Central Pork

In my recent post “Push Button, Receive Bacon,” I described how business for small-scale meat processors boomed from a surplus of hogs unable to be sent to larger processors. These bigger establishments faced constricted operations due to labor shortages or closures for deep cleaning, installation of physical safeguards, and reconfiguration to keep employees safe from COVID-19 transmission. While setting up plexigless and protocols is important to ensure worker safety, even a single day’s closure can cause a major backlog when the usual number of hogs (which can be in the tens of thousands) is not delivered, slaughtered, and processed. For perspective, consider some of the biggest pork production facilities and their slaughter capacities (head per day): Smithfield in Tar Heel, NC: 34,500; JBS in Worthington, MN: 21,000; Tyson Foods in Waterloo, IA: 19,500 (National Pork Board, 2019).

Photo by mali maeder on Pexels.com

In an effort to perform a civic duty (and out of our love for bacon and bratwursts), my husband and I purchased “half a pig” from Deutschland Meats in the quaint small town of Lindstrom, MN. (This town excels in quaintness; its water tower is shaped and painted like a Swedish coffee pot, for goodness’ sake.) I want to give them a quick plug as they were very patient with me each time I called for information, and they packaged and labeled each cut of meat very well. Our chest freezer is now well-stocked with ground pork, bratwurst, chops, roasts, hocks, bacon, and a fully cooked ham. To mark this bountiful harvest, this post is dedicated to pork. Here are a few factoids about this fun and flavorful protein.

  1. In the U.S., over 60,000 pork producers send more than 115,000,000 hogs to market each year (National Pork Producers Council, NA).
  2. Despite being a forbidden food for followers of Islam and Judaism, pork is the most commonly eaten red meat in the world (Arnarson, 2019).
  3. The “butt roast” is located nowhere near a pig’s derriere; it’s actually cut from the top part of the front leg and contains part of the shoulder blade. Theories of how this cut got its name include the idea of meat being packed in “butt” barrels, and “butt” referring to the large, blunt cut side of the roast (Moss, date NA).
  4. Pork is a significant source for the B-vitamin thiamine, unlike beef and lamb (Arnarson, 2019).
  5. Crock-Pots have nothing on Hawaiian imu ovens: shallow pits that use fire, lava rocks, leaves, canvas, and dirt to cook a whole pig for eight hours. This low, slow cookery method renders fat and connective tissue to produce kalua pig: moist, juicy shredded pork traditionally served at luaus (Hawaii Aloha Travel, 2010).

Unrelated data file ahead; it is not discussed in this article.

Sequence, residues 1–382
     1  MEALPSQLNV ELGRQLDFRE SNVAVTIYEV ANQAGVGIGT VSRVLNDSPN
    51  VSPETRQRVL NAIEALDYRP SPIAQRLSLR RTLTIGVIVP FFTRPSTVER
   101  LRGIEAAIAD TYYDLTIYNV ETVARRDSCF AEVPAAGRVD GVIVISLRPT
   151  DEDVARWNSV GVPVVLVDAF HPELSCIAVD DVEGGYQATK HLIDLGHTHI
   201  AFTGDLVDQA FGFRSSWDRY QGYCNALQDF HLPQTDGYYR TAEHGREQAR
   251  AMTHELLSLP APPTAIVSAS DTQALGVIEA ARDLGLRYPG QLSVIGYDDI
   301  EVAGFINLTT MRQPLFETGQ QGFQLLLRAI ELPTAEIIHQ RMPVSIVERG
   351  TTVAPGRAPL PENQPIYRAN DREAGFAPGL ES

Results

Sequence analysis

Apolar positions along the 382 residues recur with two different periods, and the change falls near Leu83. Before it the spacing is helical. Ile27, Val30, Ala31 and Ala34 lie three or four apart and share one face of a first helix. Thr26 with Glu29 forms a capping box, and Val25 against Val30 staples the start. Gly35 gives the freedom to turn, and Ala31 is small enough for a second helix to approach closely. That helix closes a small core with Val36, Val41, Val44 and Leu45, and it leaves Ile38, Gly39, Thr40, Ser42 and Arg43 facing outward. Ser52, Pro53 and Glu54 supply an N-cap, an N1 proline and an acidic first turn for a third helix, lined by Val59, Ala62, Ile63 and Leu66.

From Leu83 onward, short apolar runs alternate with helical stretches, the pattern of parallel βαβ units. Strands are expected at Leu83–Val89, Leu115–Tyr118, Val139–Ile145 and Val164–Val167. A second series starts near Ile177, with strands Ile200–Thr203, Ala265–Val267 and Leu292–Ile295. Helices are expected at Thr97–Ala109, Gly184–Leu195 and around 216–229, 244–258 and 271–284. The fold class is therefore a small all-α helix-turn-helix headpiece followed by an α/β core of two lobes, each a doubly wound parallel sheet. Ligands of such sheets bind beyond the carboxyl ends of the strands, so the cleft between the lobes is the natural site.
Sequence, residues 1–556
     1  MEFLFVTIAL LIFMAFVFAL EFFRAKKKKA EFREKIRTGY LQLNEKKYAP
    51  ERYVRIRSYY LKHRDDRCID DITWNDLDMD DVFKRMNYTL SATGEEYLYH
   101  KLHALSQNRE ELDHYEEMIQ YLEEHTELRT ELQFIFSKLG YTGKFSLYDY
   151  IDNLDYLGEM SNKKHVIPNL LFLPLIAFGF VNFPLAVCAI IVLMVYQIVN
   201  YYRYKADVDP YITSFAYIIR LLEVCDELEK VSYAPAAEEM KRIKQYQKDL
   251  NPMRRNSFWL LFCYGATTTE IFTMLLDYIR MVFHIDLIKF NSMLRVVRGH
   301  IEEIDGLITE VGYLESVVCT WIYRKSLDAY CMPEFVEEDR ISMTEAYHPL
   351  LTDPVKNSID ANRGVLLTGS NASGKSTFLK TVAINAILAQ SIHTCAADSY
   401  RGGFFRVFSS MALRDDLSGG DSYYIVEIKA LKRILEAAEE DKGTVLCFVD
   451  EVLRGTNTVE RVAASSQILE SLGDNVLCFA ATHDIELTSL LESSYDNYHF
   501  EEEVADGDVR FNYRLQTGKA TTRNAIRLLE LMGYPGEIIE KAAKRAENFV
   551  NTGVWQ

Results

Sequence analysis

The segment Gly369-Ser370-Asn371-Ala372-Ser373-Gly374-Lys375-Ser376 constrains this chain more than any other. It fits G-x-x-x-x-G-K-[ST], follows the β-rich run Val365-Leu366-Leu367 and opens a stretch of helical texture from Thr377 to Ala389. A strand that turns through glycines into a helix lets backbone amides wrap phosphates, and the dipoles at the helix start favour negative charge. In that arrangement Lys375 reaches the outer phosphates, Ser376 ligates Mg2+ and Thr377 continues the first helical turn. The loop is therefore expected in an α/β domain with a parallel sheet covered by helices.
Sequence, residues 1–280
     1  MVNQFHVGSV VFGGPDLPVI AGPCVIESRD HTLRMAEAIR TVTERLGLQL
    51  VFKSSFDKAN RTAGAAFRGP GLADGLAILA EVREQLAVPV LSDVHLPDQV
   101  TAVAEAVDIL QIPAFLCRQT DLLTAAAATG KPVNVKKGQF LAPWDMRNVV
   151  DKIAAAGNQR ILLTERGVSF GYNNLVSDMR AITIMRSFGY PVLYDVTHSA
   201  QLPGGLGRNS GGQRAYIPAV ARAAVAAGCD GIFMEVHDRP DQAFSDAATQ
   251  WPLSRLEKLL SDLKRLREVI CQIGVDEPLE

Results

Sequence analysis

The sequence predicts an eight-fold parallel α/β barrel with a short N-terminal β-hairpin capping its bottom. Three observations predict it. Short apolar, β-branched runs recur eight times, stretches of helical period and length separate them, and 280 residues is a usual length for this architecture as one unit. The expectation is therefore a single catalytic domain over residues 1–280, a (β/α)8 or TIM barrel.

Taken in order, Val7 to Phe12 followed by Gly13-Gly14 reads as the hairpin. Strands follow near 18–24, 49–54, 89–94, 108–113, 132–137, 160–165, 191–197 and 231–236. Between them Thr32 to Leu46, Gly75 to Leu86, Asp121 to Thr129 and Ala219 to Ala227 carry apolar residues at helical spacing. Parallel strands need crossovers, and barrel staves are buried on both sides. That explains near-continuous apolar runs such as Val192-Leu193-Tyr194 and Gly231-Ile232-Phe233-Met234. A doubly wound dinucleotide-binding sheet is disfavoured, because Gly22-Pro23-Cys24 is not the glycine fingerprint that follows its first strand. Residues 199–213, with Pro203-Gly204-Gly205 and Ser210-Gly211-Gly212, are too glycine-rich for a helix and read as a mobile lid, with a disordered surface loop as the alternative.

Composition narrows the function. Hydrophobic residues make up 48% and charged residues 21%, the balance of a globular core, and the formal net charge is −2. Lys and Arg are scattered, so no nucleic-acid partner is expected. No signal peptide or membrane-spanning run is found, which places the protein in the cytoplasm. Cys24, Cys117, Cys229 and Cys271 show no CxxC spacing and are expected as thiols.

6. Pigs were first domesticated in China around 7500 B.C., and today China is the top pig-producing country (Myrick, date unavailable).
  7. Consumption of raw or undercooked pork may lead to infection from Taenia solium (the “pork tapeworm”), parasitic Trichinella roundworms, or Toxoplasma gondii protozoa (Arnarson, 2019).
  8. To avoid these nasty bugs, always cook fresh pork to a minimum internal temperature of 145oF (United States Department of Health & Human Services, 2019).
  9. Iowa leads all other states for hog production and contributes to nearly one-third of hogs in the U.S. (Iowa Pork Producers Association, date NA).
  10. Lean, cooked pork’s protein content is about 26%, and this abundance of high-quality protein as part of a healthy diet and exercise program can promote and maintain muscle mass (Arnarson, 2019).

To summarize: Many small-scale processors are exceeding their normal business operations to help harvest animals during interruptions in larger facilities’ schedules. To help keep their inventory from filling up their freezers, contact one near you and order a variety of pork products. You will not only be blessing local farmers and processors; you’ll find yourself enjoying grilled chops, pan-fried bacon, and glazed hams all year long!


Arnarson, A. (28 March 2019). “Pork 101: Nutrition Facts and Health Effect.” Healthline. Retrieved from https://www.healthline.com/nutrition/foods/pork.

Hawaii Aloha Travel (16 November 2010). “Kalua pig is a Hawaii custom.” Hawaii Aloha Travel. Retrieved from https://www.hawaii-aloha.com/blog/2010/11/16/kalua-pig-is-hawaii-custom/.

Iowa Pork Producers Association (Date unavailable). “2019 Iowa pork industry facts.” Iowa Pork Facts. Accessed 12 July 2020. Retrieved from https://www.iowapork.org/news-from-the-iowa-pork-producers-association/iowa-pork-facts/.

Moss, R. (date unavailable). “What is Boston butt and how it got its name.” Southern Living. Accessed on 12 July 2020. Retrieved from https://www.southernliving.com/bbq/why-is-it-called-boston-butt.

Myrick, R. (Date unavailable). “Pork fun facts.” Mobile-Cuisine.com. Accessed 12 July 2020. Retrieved from https://mobile-cuisine.com/did-you-know/pork-fun-facts/#:~:text=Pork%20has%20more%20protein%20than,%2Dfried%20or%20stir%2Dfried..

National Pork Board (30 Sept. 2019). Estimated Daily U.S. Slaughter Capacity by Plant (head per day) [Data table]. Retrieved from https://www.pork.org/facts/stats/u-s-packing-sector/#estimatedusdailyhogslaughtercapacitybyplant.

National Pork Producers Council (date unavailable). “Pork Facts.” Accessed 12 July 2020. National Pork Producers Council. Retrieved from https://nppc.org/pork-facts/.

United States Department of Health & Human Services (12 April 2019). “Safe Minimum Cooking Temperature Charts.” Foodsafety.gov. Retrieved from https://www.foodsafety.gov/food-safety-charts/safe-minimum-cooking-temperature.

Published by Amy G.

I'm on a mission to educate readers about meat and its part in human existence: its science, the many ways it's enjoyed, and the people who prepare it for others' enjoyment and nourishment.

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